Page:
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Transcriptomic profiles of tumor-associated neutrophils reveal prominent roles in enhancing angiogenesis in liver tumorigenesis in zebrafish


We have previously demonstrated the pro-tumoral role of neutrophils using a kras-induced zebrafish hepatocarcinogenesis model. To further illustrate the molecular basis of the pro-tumoral role, Tumor-associated neutrophils (TANs) were isolated by fluorescence-activated cell sorting (FACS) and transcriptomic analyses were carried out by RNA-Seq. Differentially expressed gene profiles of TANs from larvae, male and female livers indicate great variations during liver tumorigenesis, but the common responsive canonical pathways included an immune pathway (Acute Phase Response Signaling), a liver metabolism-related pathway (LXR/RXR Activation) and Thrombin Signaling. Consistent with the pro-tumoral role of TANs, gene module analysis identified a consistent down-regulation of Cytotoxicity module, which may allow continued proliferation of malignant cells. Gene Set Enrichment Analysis indicated up-regulation of several genes promoting angiogenesis. Consistent with this, we found decreased density of blood vessels accompanied with decreased oncogenic liver sizes in neutrophil-depleted larvae. Collectively, our study has indicated some molecular mechanisms of the pro-tumoral roles of TANs in hepatocarcinogenesis, including weakened immune clearance against tumor cells and enhanced function in angiogenesis.


Hepatocellular carcinoma (HCC) is the most common type of primary liver cancer with high malignancy and mortality1. HCC is frequently caused by chronic inflammation in the liver, where the immune cells create an unresolved, chronic inflammation by initiating and maintaining infiltrating immune cells and producing cytokines in the liver2,3. Among these immune cells, neutrophils, the most abundant immune cells in human, have been proved to play a role in a variety of tumors4,5. In recent studies, various roles of tumor-associated neutrophils (TANs) have been identified, including the existence of N1 (anti-tumoral) and N2 (pro-tumoral) tumor-associated neutrophils in tumor development and progression6.

We have previously developed several inducible HCC models by transgenic expression of selected driver oncogenes7,8,9,10,11. In these transgenic models, the driver oncogene can be temporally activated to initiate liver carcinogenesis and histologically proven HCC are usually produced in a few weeks. Thus, these transgenic models provide a powerful tool for investigation of liver tumor initiation. In previous studies, we have found a prominent role of immune response during liver cancer progression12. In particular, we found a rapid migration of neutrophils towards oncogenic liver in a kras-induced zebrafish HCC model13. By manipulation of neutrophil numbers and activities through pharmaceutical treatments and genetic knockdown, we have demonstrated that tumor-associated neutrophils (TANs) promoted hepatocarcinogenesis during the initiation of kras-induced oncogenesis. We found that increased TAN activity accelerated the proliferation of oncogenic hepatocytes and deterred their apoptosis, thus contributing to the pathological malignancy. In that study, although the pro-tumor roles of TANs have been demonstrated, these roles remain to be elucidated at the molecular level. The purpose of this study was to use a transcriptomic approach to provide molecular insights into TANs and their roles in hepatocarcinogenesis. Thus, neutrophils were isolated from larvae, adult males and adult females following oncogenic kras activation and used for RNA-seq analyses. By comparing transcriptomic profiles of TANs and matched naïve neutrophils (NNs), we observed prominent roles of TANs in loss of cytotoxicity and pro-angiogenesis, both of which apparently favor tumor initiation and progression.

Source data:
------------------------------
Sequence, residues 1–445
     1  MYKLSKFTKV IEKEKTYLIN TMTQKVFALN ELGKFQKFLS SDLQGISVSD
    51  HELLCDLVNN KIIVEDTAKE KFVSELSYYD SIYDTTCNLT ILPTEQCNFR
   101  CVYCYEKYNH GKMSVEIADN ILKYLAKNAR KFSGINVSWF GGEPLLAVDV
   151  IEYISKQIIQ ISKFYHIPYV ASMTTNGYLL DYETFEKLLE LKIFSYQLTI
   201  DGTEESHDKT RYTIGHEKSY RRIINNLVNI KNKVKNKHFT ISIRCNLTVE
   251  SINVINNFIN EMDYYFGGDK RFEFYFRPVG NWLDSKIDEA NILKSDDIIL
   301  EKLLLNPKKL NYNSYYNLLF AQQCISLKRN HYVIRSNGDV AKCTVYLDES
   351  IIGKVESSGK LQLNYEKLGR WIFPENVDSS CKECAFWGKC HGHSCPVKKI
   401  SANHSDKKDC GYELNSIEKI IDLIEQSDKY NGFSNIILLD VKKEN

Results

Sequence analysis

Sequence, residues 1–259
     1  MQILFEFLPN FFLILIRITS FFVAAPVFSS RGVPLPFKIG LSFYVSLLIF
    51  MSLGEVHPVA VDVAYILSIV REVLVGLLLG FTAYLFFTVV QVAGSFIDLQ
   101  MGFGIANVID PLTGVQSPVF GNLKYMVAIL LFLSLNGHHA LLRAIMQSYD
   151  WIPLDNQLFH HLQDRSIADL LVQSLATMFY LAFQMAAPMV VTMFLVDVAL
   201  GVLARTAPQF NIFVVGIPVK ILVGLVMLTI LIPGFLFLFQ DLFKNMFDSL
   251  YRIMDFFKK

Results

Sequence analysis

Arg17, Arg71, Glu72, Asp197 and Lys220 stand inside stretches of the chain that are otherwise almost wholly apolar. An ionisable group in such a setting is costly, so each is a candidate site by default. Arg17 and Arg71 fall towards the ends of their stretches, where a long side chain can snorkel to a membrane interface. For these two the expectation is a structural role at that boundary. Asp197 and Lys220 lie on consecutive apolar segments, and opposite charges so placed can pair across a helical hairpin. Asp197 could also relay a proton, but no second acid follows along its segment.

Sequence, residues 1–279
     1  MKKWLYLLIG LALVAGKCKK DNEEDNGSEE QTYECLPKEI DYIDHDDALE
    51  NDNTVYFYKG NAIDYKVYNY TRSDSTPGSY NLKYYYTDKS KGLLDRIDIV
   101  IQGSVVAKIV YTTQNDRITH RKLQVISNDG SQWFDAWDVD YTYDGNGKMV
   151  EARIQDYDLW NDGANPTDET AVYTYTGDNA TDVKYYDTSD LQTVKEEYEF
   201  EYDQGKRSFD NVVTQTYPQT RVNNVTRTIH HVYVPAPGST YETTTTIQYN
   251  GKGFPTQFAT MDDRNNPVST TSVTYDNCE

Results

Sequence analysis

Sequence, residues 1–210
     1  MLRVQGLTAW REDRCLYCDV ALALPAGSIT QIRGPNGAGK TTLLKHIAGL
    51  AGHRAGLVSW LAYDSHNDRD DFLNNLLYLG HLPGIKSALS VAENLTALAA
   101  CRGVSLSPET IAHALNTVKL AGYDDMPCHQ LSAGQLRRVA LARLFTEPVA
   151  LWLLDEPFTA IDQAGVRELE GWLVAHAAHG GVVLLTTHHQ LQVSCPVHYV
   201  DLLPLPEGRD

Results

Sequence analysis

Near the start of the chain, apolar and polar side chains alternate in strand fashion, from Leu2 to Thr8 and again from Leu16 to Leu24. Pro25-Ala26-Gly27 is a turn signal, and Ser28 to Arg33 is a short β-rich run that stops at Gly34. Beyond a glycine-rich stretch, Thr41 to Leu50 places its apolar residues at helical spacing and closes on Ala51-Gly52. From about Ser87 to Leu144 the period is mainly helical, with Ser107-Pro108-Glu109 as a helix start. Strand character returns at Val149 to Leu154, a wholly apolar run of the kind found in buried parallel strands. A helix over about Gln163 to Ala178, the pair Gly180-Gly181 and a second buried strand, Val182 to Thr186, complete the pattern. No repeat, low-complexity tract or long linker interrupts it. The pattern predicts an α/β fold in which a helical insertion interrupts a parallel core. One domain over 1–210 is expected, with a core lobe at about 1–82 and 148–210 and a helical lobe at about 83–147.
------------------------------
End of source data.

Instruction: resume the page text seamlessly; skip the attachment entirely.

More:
Results and Discussion

Validation of neutrophil identity by transcriptomic profiling

TANs were isolated from kras+/lyz+ fish (see Methods) and NNs isolated from lyz+ fish by FACS. The fluorescent microscope images and flow cytometry dot-plots of the isolated cells showed an obvious enrichment of DsRed+ neutrophils in comparison to the cell suspension before sorting (Supplementary Fig. S1). The purity of the sorted neutrophils (DsRed+) is above 90%. The neutrophil samples from larva (L), male (M) and female (F) adult fish were collected with biological duplicates or triplicates, as summarized in Table S1. RNAs were isolated from these neutrophil samples and sequenced to a depth of 23.4–98.9 × 106 reads for each library. In total, 15 RNA samples were sequenced, including three TAN_L and three matched NN_L from larvae, three TAN_M and two NN_M from male adults, and two TAN_F and two NN_F from female adults. All the sequence reads were then mapped to the zebrafish genome reference, danRer7, after removing low-quality reads. By annotating the mapped reads, a total of 8.8–13.5 × 103 transcript entries were identified with at least one mapped read, constituting 60–90% of total known zebrafish transcript entries in the danRer7 zebrafish genome database (14,868 RefSeq transcript entries in total). To minimize the effect from potentially leaky expression, a cut-off of 30 reads was used to retain the robustly expressed transcripts. As a result, 6.2–10.7 × 103 transcript entries were identified for each pool of neutrophils and used for subsequent analyses (Supplementary Table S1), representing 42–72% of the danRer7 database.